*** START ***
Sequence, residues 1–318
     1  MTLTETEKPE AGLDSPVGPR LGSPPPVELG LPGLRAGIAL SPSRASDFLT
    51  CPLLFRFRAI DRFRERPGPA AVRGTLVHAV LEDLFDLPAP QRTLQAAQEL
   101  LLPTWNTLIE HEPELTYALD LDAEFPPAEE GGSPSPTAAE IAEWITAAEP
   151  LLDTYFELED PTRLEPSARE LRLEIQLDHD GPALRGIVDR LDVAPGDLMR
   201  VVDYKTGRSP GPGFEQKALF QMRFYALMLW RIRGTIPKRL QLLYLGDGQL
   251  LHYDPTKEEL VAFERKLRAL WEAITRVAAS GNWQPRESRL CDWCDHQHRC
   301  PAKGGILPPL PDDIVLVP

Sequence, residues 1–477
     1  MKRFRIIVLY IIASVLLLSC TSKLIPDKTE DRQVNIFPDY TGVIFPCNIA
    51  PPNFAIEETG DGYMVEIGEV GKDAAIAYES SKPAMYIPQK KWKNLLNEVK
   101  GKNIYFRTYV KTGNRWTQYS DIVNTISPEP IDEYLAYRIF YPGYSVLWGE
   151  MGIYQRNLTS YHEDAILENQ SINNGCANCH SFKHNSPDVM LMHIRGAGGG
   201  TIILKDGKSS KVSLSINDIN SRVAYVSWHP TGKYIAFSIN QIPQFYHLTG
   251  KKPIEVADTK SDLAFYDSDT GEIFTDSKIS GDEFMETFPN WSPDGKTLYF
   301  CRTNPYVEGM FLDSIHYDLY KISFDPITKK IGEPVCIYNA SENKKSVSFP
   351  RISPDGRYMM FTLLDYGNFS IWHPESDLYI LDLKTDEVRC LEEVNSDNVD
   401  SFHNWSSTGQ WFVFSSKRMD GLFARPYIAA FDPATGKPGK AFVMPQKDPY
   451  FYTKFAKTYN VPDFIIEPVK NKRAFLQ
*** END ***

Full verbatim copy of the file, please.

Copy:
Sequence, residues 1–318
     1  MTLTETEKPE AGLDSPVGPR LGSPPPVELG LPGLRAGIAL SPSRASDFLT
    51  CPLLFRFRAI DRFRERPGPA AVRGTLVHAV LEDLFDLPAP QRTLQAAQEL
   101  LLPTWNTLIE HEPELTYALD LDAEFPPAEE GGSPSPTAAE IAEWITAAEP
   151  LLDTYFELED PTRLEPSARE LRLEIQLDHD GPALRGIVDR LDVAPGDLMR
   201  VVDYKTGRSP GPGFEQKALF QMRFYALMLW RIRGTIPKRL QLLYLGDGQL
   251  LHYDPTKEEL VAFERKLRAL WEAITRVAAS GNWQPRESRL CDWCDHQHRC
   301  PAKGGILPPL PDDIVLVP

Sequence, residues 1–477
     1  MKRFRIIVLY IIASVLLLSC TSKLIPDKTE DRQVNIFPDY TGVIFPCNIA
    51  PPNFAIEETG DGYMVEIGEV GKDAAIAYES SKPAMYIPQK KWKNLLNEVK
   101  GKNIYFRTYV KTGNRWTQYS DIVNTISPEP IDEYLAYRIF YPGYSVLWGE
   151  MGIYQRNLTS YHEDAILENQ SINNGCANCH SFKHNSPDVM LMHIRGAGGG
   201  TIILKDGKSS KVSLSINDIN SRVAYVSWHP TGKYIAFSIN QIPQFYHLTG
   251  KKPIEVADTK SDLAFYDSDT GEIFTDSKIS GDEFMETFPN WSPDGKTLYF
   301  CRTNPYVEGM FLDSIHYDLY KISFDPITKK IGEPVCIYNA SENKKSVSFP
   351  RISPDGRYMM FTLLDYGNFS IWHPESDLYI LDLKTDEVRC LEEVNSDNVD
   401  SFHNWSSTGQ WFVFSSKRMD GLFARPYIAA FDPATGKPGK AFVMPQKDPY
   451  FYTKFAKTYN VPDFIIEPVK NKRAFLQ